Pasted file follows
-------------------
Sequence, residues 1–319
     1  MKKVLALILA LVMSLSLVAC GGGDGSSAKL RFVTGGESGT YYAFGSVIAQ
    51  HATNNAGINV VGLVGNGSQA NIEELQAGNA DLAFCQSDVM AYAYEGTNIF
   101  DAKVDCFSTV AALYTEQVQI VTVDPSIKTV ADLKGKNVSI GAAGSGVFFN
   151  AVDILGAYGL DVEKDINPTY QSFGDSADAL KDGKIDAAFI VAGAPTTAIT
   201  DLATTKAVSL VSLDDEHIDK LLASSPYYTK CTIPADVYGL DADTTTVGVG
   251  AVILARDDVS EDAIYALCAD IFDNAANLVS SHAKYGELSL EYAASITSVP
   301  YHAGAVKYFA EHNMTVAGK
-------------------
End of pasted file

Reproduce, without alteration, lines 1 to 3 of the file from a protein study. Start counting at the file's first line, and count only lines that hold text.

Sequence, residues 1–319
     1  MKKVLALILA LVMSLSLVAC GGGDGSSAKL RFVTGGESGT YYAFGSVIAQ
    51  HATNNAGINV VGLVGNGSQA NIEELQAGNA DLAFCQSDVM AYAYEGTNIF